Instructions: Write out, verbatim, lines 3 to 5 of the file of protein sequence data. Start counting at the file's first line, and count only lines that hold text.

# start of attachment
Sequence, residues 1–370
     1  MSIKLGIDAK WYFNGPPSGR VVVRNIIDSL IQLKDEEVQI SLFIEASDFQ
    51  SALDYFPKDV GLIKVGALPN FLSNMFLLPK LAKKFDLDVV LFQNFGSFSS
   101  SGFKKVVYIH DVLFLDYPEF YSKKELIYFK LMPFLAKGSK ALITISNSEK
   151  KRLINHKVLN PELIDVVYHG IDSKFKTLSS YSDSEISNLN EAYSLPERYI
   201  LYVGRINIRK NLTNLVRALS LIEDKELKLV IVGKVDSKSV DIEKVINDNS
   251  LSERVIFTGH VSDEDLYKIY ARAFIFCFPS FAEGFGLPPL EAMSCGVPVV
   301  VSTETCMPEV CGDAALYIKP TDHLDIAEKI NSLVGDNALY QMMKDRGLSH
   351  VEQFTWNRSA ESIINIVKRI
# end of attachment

    51  SALDYFPKDV GLIKVGALPN FLSNMFLLPK LAKKFDLDVV LFQNFGSFSS
   101  SGFKKVVYIH DVLFLDYPEF YSKKELIYFK LMPFLAKGSK ALITISNSEK
   151  KRLINHKVLN PELIDVVYHG IDSKFKTLSS YSDSEISNLN EAYSLPERYI